Steinbeck wrote Cannery Row after returning from overseas work as a war correspondent. He was living in New York and working at the Treasury Department when he made a bet with his second wife, Gwyndolyn Conger, pregnant at the time, that he could complete the novel before she gave birth. He finished the book in six weeks, winning the bet. It was a diversion for him. He described writing the novel as "sneaking a novel in." Part of his motivation for writing Cannery Row was "homesickness" for a time and place dear to him in California. He was disgusted by the war which he called "the most dishonest thing imaginable," and he wanted to give soldiers something enjoyable to read that didn't include war.

Steinbeck also wrote the novel as a poetic vehicle to explore the philosophical conclusions he reached with Ed Ricketts during their time in the Sea of Cortez. The novel is considered the fullest expression of Rickett's non-teleological philosophy in any of Steinbeck's writing. The philosophy asserts the primacy of the "is" of being rather than the "why." Observations of the natural world are taken on their own, rather than ascribed meaning. The novel format allowed Steinbeck to convey the philosophy through the appeal of Ricketts himself in the form of the character Doc.

Steinbeck once wrote that Cannery Row had four layers of meaning, but that "people can take what they can receive out of it." Although some critics found the novel enjoyable, others saw it as frivolous sentimentalism and socially irresponsible. Steinbeck was annoyed with critics who didn't understand the meaning of the novel's interchapters, relatively self-contained episodes that do not directly contribute to the plot. The technique was one the author had used previously in The Grapes of Wrath and Tortilla Flat, but to some, its use in such a short book resulted in a thinness of plot. This continues to be a common criticism of the novel. Cannery Row was made into a film and released in 1982.


Naturalism is a movement that applies Darwinian ideas about the natural world to literature and art. Nineteenth-century British naturalist Charles Darwin observed that the strongest organisms in a particular environment tend to survive. This idea of the survival of the fittest ensures the genes of these organisms are passed on to succeeding generations. In naturalist literature, people are just another part of the natural world, subject to hereditary and environmental influences in the same way as other living things.

Naturalism was a popular movement in the late 19th and early 20th centuries. Naturalist writers sought to expand realism to present their characters and settings not only in an objective fashion, but as an experiment, examining the results as if under a microscope. Authors were interested in portraying characters' motivations and experiences as part of the natural world, rather than their morality. Indeed, some naturalist authors portrayed characters as at the mercy of hereditary and environmental forces rather than acting of their own volition.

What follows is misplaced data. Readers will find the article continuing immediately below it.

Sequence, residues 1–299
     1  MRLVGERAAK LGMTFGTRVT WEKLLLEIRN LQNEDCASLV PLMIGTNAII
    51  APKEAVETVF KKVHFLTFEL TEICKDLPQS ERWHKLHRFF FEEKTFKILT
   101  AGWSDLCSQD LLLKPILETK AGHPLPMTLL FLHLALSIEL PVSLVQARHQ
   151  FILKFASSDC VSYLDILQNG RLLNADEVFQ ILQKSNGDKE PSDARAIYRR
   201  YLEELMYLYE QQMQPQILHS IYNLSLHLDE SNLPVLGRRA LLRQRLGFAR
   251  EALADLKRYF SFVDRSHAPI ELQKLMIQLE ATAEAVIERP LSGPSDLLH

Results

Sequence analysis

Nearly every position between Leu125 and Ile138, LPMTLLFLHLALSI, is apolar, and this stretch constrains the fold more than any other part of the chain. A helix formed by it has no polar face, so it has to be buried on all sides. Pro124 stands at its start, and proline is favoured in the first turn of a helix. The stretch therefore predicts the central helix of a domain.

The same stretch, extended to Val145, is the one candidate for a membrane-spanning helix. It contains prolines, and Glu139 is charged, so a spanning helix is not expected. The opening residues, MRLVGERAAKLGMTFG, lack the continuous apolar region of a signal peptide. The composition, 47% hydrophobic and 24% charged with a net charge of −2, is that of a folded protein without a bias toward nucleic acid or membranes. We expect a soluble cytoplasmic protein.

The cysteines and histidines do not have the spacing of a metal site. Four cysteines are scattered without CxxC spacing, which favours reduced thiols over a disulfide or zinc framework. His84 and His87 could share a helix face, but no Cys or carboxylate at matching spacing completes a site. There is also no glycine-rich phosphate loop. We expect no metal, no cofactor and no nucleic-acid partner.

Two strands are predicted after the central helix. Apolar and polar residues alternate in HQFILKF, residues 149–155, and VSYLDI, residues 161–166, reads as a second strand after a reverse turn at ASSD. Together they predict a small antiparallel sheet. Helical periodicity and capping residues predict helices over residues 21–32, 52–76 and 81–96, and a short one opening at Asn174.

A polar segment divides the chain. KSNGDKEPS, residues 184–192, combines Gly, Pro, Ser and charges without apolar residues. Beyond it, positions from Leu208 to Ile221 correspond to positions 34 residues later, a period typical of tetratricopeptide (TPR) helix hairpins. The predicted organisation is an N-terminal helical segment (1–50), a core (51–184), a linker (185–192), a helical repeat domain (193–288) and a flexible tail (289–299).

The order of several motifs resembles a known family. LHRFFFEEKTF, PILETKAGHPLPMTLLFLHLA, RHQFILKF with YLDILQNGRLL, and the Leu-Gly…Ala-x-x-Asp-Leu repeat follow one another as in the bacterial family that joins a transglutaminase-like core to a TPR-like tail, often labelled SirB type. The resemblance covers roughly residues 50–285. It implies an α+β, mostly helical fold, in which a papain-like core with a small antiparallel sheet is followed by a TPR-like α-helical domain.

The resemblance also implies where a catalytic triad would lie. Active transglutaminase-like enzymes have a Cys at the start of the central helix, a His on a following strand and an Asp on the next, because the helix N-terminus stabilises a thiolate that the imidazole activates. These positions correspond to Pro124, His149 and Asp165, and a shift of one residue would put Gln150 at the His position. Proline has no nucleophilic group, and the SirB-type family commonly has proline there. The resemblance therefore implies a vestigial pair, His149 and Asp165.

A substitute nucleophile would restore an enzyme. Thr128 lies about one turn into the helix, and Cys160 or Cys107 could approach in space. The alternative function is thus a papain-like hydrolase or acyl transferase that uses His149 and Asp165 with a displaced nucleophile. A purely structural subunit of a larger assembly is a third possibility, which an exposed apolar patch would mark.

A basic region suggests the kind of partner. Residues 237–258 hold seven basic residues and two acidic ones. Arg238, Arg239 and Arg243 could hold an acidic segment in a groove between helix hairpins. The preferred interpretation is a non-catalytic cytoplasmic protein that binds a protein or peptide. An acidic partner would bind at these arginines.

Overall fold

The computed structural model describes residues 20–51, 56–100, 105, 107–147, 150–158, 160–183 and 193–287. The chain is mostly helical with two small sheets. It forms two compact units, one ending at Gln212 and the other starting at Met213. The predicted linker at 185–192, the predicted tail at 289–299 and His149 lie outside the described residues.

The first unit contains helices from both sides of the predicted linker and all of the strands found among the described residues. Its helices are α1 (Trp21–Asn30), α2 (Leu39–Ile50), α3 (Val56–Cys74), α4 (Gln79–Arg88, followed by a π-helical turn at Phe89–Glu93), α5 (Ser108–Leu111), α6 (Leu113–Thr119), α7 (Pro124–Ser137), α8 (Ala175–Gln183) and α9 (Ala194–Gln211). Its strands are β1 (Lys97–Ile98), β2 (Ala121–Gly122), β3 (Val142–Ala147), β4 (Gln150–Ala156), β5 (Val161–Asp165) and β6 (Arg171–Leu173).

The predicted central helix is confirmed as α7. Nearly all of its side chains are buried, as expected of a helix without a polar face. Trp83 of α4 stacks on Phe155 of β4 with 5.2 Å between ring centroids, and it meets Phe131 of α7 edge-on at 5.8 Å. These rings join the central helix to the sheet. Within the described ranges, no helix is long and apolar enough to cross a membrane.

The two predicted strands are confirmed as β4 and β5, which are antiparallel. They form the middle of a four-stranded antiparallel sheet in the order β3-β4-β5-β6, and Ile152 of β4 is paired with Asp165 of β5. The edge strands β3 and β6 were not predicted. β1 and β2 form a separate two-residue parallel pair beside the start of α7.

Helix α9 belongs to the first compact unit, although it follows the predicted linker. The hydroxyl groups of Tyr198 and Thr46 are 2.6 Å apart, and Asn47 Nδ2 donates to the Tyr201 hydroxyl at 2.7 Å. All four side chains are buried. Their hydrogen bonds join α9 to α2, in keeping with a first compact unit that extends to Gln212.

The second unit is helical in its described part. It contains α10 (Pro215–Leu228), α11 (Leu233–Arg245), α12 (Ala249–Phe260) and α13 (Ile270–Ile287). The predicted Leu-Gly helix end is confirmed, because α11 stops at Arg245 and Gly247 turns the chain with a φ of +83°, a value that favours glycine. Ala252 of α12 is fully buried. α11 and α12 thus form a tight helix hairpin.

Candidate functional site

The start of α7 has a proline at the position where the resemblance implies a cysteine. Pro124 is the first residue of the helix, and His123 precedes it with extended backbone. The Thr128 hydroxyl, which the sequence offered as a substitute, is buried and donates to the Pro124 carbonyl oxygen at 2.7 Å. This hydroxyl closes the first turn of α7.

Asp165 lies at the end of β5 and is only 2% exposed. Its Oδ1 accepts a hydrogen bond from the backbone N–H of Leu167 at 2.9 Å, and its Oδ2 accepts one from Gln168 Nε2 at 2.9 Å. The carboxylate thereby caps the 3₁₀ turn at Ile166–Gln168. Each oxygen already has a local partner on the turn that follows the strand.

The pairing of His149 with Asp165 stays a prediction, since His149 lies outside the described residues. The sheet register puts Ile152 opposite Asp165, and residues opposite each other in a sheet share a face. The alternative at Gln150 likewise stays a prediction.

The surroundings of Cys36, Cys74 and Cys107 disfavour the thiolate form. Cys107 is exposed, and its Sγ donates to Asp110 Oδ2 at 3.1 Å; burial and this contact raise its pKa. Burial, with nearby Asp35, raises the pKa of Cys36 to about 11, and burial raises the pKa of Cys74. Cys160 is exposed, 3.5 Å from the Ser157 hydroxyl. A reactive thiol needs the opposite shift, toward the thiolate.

The first naturalist writings came from France, begun by historian and critic Hippolyte Taine in 1863, but the movement was explicitly advocated by novelist and playwright Emile Zola in an essay titled "The Experimental Novel" (1880). American naturalist writers include Stephen Crane, Jack London, and Theodore Dreiser. Steinbeck's intense study of both marine and human life in Cannery Row, as well as his philosophical leanings, place him in the naturalist movement of American literature. He simply presents his observations of the environment and the characters within it—much as Doc observes the actions of the tide pool and its inhabitants—without assigning meaning or judgment.

Picaresque Novels

Cannery Row is considered by some to be a modern version of a picaresque novel, a genre popular in the 17th and 18th centuries. Picaro heroes are downtrodden social outcasts who survive by using cleverness and common sense. They are unconcerned with laws and morality, and do whatever is necessary to achieve their goals, including at times taking on the appearance of social conformity.

The first picaresque novel was Lazarillo de Tormes (1554), but picaro heroes show up in many classic pieces of literature, including Don Quixote (1605, 1615) and Moll Flanders (1722). In contrast to the knights and chivalry of medieval romances in preceding centuries, the picaresque novel provided more realism in its cynical, pragmatic heroes. Mack and the boys in Cannery Row fit the characteristics of picaros to some extent, but they lack the ambition and purpose of a typical picaro. Rather than manipulating and cheating their ways to better social or financial positions as one would expect from a picaresque novel, Mack and the boys drift indifferently.